A peer-to-peer community boosts customer satisfaction, deflects easy calls and empowers your customers.
Thanks to the buzz around companies like Airbnb and their sharing economy approach to doing business, there is renewed talk of online communities and how these customer-driven platforms evangelize a brand’s positive aspects and provide constant feedback for improving products and services.
However, an online community is not unique to this new business breed. What’s more, their benefits aren’t confined to marketing. A peer-to-peer community boosts customer satisfaction, deflects easy calls and empowers your customers.
It’s why a host of successful companies with a digital presence have been reaping the customer care rewards of having a dedicated online platform for years and why there’s nothing to stop your business from benefiting too; whether you’re a startup or stalwart.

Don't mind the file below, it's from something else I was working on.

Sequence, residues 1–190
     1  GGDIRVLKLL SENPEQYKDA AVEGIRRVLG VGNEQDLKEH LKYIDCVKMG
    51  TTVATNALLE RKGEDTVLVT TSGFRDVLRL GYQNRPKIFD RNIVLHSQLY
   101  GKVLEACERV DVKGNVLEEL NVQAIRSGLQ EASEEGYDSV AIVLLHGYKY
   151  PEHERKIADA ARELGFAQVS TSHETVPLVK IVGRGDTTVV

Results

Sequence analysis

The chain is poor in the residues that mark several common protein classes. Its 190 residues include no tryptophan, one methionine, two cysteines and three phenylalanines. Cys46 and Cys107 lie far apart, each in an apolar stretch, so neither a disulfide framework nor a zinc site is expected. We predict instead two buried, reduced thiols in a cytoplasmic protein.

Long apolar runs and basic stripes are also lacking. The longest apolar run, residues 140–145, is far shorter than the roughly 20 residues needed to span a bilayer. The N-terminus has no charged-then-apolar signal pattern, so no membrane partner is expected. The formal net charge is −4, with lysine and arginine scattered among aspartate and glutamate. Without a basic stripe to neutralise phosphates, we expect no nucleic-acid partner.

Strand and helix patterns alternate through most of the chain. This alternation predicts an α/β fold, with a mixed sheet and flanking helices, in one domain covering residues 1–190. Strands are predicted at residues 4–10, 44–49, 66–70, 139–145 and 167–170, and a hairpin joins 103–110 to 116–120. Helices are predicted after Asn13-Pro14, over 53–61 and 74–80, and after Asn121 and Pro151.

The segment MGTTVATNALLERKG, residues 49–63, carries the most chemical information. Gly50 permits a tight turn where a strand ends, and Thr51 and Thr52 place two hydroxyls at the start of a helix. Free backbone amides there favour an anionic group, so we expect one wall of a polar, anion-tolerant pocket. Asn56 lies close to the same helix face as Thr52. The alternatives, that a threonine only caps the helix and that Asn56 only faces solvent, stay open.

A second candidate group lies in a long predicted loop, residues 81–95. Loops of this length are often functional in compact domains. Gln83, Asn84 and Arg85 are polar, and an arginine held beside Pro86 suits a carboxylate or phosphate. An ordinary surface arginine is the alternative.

No one knows more about your products or services - past and present - than your customers. As such they’re a hugely valuable resource. An online community is your way of harnessing all of that combined knowledge and using it to deliver tailored help, support and guidance to anyone with virtually any question or problem relating to your wares. Of course, a traditional FAQ section is still helpful but offering a ‘”one-size-fits-all” list of questions and answers as the only way of helping your customers help themselves is becoming dated. The context of your customers’ inquiries matters a lot too.